Air France declares no anomaly after test flights

09:10, April 20, 2010      

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French airliner Air France announced several successful test flights on Monday without any anomaly detected by ash clouds to aircraft operations.

In accordance with French Civil Aviation Authority DGAC, the company operated two flights by Airbus A320 in South West France and another three by Boeing 777, from Marseille and Toulouse to Paris-Charles de Gaulles, Air France said in a statement.

Since "no irregularity was observed," the company planned to do more on Monday, including "one between Paris-Charles de Gaulle and Amsterdam-Schiphol by Airbus A320, and two from Marseille and Nice to Paris-Charles de Gaulle by Boeing 777."

"Today, several medium and long-haul flights are operating with no passengers on board... to Amsterdam and elsewhere. Several dozen flights have been operated in Europe and no abnormalities were reported on any of them," Air France CEO Pierre-Henri Gourgeon was quoted in the statement.

Accordingly, he complained that European governments should "no longer continue managing the risk created by the Icelandic volcano in this manner," referring to the current general ban that has cost millions of euro every day in civil aviation industry.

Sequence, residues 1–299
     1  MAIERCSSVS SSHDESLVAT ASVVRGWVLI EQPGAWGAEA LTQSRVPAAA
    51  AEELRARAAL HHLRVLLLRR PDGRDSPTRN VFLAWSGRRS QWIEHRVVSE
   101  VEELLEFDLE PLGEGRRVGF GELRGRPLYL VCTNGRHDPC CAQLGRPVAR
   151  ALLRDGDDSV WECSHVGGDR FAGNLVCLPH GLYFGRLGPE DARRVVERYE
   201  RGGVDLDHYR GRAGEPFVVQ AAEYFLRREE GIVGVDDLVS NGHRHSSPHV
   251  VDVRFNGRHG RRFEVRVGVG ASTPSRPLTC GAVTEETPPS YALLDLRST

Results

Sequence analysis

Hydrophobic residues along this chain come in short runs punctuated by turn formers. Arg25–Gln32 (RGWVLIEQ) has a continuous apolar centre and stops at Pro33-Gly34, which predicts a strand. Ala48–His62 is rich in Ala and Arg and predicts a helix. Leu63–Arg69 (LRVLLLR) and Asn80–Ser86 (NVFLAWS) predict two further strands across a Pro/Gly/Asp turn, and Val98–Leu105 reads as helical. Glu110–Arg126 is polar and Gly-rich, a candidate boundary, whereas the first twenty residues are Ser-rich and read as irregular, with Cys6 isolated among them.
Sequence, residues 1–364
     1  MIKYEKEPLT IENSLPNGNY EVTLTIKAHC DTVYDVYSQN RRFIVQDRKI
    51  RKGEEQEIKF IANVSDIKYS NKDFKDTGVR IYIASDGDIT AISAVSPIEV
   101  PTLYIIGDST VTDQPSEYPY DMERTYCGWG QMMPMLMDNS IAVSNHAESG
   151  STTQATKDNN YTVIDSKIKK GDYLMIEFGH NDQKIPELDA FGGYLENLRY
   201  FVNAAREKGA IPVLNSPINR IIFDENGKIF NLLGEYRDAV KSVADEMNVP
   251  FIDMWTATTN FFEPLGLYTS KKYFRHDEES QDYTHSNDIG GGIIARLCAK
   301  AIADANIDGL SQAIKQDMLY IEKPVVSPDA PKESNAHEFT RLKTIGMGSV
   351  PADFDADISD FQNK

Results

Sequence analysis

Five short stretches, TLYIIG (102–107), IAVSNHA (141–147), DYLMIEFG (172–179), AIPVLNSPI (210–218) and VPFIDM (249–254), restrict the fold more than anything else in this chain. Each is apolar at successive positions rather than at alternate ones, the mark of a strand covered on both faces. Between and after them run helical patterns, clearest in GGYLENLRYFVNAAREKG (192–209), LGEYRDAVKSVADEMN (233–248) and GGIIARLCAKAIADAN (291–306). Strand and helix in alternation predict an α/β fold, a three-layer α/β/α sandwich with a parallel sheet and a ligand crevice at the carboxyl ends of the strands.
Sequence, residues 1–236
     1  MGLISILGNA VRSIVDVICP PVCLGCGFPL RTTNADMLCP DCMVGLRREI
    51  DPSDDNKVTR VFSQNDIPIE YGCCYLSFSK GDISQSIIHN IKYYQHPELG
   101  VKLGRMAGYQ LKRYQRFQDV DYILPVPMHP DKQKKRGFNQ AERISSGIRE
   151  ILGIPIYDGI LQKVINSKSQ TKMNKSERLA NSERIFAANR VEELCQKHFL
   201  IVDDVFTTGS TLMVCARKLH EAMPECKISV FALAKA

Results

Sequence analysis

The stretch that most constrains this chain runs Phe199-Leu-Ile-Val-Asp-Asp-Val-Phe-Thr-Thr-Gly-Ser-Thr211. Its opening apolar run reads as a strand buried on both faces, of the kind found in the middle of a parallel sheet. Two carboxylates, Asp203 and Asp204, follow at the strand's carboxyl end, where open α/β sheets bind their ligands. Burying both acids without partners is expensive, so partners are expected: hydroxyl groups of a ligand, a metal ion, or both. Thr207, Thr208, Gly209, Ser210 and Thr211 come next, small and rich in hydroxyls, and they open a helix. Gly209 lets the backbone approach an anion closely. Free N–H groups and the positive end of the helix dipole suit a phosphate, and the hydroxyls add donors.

The company provided buses to transfer stranded passengers from Paris-Charles de Gaulle Airport to provincial airports where long-haul flights are expected to take place if weather permits, Air France said in the statement.

On Monday, only 13 long-haul flights heading to France were allowed to land in French provincial airports and five cargo flights will land at Paris airports, while departing flights from France include six from Toulouse and one from Pau, according to Air France.

For Tuesday, "Air France plans to increase this number to 17 long-haul flights and more if the air corridors become operational," the company insisted in the statement, citing the aviation ban has laid off "500,000 direct employees, and three times as many staff employed indirectly."

However, State Minister Jean-Louis Borloo declared later that successful test flights could not build up firm enough grounds for aviation ban lift.

French Prime Minister Francois Fillon announced Sunday night to extend ban to airports in northern France at least until 8:00 a.m. Tuesday.

A ministerial meeting scheduled at 16:15 Monday was expected to update the measures after a new discussion over the current air traffic difficulties.

Source: Xinhua


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